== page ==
Prelude To The (First) Afternoon Of A Blog: 'Deceptive Cadence'

Garden variety deceptive cadence i i
Garden variety deceptive cadence

Well here it is, the first day for Deceptive Cadence, NPR's newest music blog (cue the trumpet fanfares and pealing bells!).

We could have called it simply NPR's Classical Music Blog, but the phrase "classical music" carries so much baggage — dead, old, white, European. It is, in a way, its own worst enemy.

Instead, we came up with a moniker that suggests a more open-ended view of music that is not only still breathing, thank you, but vigorously evolving. There's a vast world of sounds both past and present out there — a thousand years of "new music," so-to-speak. That could mean anything from the soaring, intertwining lines of a Palestrina Mass, to the crushing hammer blows of a Mahler Symphony, or the clever weave of electronics and chamber music practiced by an outfit like Victoire.

So, what actually is a deceptive cadence? Technically, it's an unexpected conclusion to a musical phrase. And I'm hoping that's just what this blog will do — keep you on your toes, with a few unexpected conclusions, perhaps, to a wide-ranging discussion between you, the musicians who'll be stopping by, and other first timers and fanatics who visit here.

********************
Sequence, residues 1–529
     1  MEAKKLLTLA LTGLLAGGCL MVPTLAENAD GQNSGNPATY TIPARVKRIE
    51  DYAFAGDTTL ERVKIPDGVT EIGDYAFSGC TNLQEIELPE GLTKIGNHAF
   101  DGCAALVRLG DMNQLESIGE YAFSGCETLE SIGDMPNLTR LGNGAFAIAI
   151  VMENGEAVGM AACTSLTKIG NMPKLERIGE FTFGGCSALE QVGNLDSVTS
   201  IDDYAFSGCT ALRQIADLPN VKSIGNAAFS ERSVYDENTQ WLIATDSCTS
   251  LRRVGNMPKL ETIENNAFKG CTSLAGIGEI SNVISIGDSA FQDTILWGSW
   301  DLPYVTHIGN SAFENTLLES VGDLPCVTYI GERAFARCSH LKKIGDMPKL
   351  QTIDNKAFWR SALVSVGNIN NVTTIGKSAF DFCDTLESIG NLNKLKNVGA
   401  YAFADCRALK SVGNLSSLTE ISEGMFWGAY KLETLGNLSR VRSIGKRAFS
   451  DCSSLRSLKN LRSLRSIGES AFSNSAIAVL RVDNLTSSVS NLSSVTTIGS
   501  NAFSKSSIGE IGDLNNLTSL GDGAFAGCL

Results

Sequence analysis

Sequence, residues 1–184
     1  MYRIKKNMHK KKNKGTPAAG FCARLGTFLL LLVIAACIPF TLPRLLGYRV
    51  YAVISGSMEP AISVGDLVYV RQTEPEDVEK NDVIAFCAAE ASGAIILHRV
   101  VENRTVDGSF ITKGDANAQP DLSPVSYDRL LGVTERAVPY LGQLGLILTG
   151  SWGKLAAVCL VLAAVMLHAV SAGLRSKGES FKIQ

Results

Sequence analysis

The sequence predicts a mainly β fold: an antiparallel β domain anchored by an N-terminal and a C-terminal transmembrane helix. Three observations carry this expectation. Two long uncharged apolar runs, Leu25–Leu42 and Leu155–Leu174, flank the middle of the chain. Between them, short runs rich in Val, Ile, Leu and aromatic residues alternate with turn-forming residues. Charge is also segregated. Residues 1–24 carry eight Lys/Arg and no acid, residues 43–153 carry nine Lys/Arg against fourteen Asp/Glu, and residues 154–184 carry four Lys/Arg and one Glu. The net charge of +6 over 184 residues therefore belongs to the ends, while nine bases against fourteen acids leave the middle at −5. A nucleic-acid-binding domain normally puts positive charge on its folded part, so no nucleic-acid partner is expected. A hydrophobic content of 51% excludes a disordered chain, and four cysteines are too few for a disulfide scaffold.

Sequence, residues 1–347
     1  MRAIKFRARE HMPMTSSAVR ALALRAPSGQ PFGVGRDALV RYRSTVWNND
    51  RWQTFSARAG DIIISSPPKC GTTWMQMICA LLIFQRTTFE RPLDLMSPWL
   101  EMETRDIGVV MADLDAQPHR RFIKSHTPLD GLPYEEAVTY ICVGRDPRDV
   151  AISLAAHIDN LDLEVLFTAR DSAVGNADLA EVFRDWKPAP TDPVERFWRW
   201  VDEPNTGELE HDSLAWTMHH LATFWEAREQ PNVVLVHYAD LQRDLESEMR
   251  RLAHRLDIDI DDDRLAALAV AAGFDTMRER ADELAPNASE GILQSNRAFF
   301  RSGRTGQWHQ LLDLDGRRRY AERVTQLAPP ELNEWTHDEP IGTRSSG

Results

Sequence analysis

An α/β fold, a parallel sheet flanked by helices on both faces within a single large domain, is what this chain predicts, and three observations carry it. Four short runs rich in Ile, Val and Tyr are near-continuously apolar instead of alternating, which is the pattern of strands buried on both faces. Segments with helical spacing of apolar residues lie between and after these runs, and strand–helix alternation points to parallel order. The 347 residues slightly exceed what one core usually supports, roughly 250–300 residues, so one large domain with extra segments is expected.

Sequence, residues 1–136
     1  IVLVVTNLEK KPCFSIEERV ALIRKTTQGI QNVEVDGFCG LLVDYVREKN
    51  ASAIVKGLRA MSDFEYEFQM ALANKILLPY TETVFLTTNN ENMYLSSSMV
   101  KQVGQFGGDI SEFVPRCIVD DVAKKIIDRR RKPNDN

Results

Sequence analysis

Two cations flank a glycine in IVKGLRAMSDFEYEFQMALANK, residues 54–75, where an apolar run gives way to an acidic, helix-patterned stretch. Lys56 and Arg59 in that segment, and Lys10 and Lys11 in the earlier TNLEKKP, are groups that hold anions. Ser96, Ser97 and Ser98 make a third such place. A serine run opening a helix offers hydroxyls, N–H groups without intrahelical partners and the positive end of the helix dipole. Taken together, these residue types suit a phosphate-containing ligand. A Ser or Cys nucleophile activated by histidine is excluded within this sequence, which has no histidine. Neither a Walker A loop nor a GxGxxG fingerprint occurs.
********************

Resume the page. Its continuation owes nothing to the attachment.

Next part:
Naturally, we want to hear from you. Thanks to the internet, classical music is thriving in ways that we couldn't have imagined just a few years ago. From the biggest cities to the tiniest rural outposts, people of all stripes will connect at Deceptive Cadence — whether to argue about the current state of classical music, explore its many outer fringes, listen to new recordings and live concerts, or share a love of a particular artist.

So please, join in the discussion and the discovery, and make sure to leave your "deceptive" and perceptive comments whenever you can.

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